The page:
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1.  The MTAP-CDKN2A Locus Confers Susceptibility to a Naturally Occurring Canine Cancer 
Background
Advantages offered by canine population substructure, combined with clinical presentations similar to human disorders, makes the dog an attractive system for studies of cancer genetics. Cancers that have been difficult to study in human families or populations are of particular interest. Histiocytic sarcoma is a rare and poorly understood neoplasm in humans that occurs in 15–25% of Bernese Mountain Dogs (BMD).
Methods
Genomic DNA was collected from affected and unaffected BMD in North America (NA) and Europe. Both independent and combined genome wide association studies (GWAS) were used to identify cancer-associated loci. Fine mapping and sequencing narrowed the primary locus to a single gene region.
Results
Both populations shared the same primary locus, which features a single haplotype spanning MTAP and part of CDKN2A and is present in 96% of affected BMD. The haplotype is within the region homologous to human chromosome 9p21, which has been implicated in several types of cancer.
Conclusions
We present the first GWAS for HS in any species. The data identify an associated haplotype in the highly cited tumor suppressor locus near CDKN2A. These data demonstrate the power of studying distinctive malignancies in highly predisposed dog breeds.
Impact
Here, we establish a naturally-occurring model of cancer susceptibility due to CDKN2 dysregulation, thus providing insight regarding this cancer-associated, complex, and poorly understood genomic region.
doi:10.1158/1055-9965.EPI-12-0190-T
PMCID: PMC3392365  PMID: 22623710
Genome Wide Association Study; Dogs; p16; Cancer; Histiocytic sarcoma
2.  NDM-1-Producing Klebsiella pneumoniae Resistant to Colistin in a French Community Patient without History of Foreign Travel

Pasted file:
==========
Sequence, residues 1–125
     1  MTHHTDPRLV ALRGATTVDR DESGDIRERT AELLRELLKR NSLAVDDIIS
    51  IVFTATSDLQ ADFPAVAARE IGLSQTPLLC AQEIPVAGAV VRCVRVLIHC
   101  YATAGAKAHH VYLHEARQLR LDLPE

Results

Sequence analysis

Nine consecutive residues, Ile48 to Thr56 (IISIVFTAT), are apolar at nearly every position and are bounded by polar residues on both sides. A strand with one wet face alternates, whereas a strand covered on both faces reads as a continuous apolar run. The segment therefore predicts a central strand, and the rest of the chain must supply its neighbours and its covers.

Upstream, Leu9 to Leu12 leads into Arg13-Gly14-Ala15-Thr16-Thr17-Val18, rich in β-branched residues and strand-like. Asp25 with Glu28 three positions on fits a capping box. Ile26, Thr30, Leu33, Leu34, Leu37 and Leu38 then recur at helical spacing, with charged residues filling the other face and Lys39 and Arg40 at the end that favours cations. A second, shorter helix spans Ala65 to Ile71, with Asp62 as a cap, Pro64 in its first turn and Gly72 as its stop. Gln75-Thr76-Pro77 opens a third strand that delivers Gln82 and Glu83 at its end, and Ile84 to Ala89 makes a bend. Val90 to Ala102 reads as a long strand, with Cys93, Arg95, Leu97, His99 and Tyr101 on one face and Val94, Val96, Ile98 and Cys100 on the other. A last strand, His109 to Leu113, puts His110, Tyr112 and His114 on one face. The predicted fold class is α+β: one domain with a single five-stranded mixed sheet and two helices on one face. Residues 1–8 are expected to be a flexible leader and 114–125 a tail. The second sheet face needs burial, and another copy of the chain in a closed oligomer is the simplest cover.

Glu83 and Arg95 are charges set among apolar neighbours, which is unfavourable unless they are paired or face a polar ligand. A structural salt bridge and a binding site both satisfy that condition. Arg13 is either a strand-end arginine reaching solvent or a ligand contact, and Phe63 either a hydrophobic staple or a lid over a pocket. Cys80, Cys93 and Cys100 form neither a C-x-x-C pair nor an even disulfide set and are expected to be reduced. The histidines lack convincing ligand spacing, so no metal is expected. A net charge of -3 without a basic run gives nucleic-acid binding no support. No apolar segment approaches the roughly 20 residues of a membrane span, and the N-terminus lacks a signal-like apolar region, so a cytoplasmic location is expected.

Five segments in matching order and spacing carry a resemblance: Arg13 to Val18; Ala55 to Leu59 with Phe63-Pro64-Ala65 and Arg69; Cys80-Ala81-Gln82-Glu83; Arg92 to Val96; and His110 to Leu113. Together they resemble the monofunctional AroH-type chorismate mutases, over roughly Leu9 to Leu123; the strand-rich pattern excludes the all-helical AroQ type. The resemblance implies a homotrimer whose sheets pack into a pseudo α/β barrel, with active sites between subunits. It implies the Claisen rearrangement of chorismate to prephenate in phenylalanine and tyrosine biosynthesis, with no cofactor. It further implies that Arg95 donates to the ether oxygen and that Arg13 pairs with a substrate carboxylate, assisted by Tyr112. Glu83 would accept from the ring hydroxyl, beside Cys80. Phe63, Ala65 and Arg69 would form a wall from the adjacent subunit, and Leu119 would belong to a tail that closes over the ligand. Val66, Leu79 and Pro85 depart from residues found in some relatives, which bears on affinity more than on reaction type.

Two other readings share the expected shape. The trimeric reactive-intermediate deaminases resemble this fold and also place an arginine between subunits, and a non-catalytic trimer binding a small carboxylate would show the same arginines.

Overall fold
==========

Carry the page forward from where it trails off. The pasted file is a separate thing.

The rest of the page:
A carbapenem-resistant Klebsiella pneumoniae strain, Kp5196, was responsible for an uncomplicated cystitis in a patient living at home and without history of foreign travel. This isolate produced the metallocarbapenemase NDM-1 and was resistant to all antibiotics except tetracyclines and colistin. The K. pneumoniae strain belonged to sequence type ST15, and blaNDM-1 was carried by a nontypeable conjugative plasmid. Two months later, a similar ST15 isolate, Kp5241, was present in the patient but was additionally colistin resistant.
doi:10.1128/AAC.00230-12
PMCID: PMC3370718  PMID: 22450982
3.  Novel origins of copy number variation in the dog genome 
Genome Biology  2012;13(8):R73.
Background
Copy number variants (CNVs) account for substantial variation between genomes and are a major source of normal and pathogenic phenotypic differences. The dog is an ideal model to investigate mutational mechanisms that generate CNVs as its genome lacks a functional ortholog of the PRDM9 gene implicated in recombination and CNV formation in humans. Here we comprehensively assay CNVs using high-density array comparative genomic hybridization in 50 dogs from 17 dog breeds and 3 gray wolves.
Results
We use a stringent new method to identify a total of 430 high-confidence CNV loci, which range in size from 9 kb to 1.6 Mb and span 26.4 Mb, or 1.08%, of the assayed dog genome, overlapping 413 annotated genes. Of CNVs observed in each breed, 98% are also observed in multiple breeds. CNVs predicted to disrupt gene function are significantly less common than expected by chance. We identify a significant overrepresentation of peaks of GC content, previously shown to be enriched in dog recombination hotspots, in the vicinity of CNV breakpoints.
Conclusions
A number of the CNVs identified by this study are candidates for generating breed-specific phenotypes. Purifying selection seems to be a major factor shaping structural variation in the dog genome, suggesting that many CNVs are deleterious. Localized peaks of GC content appear to be novel sites of CNV formation in the dog genome by non-allelic homologous recombination, potentially activated by the loss of PRDM9. These sequence features may have driven genome instability and chromosomal rearrangements throughout canid evolution.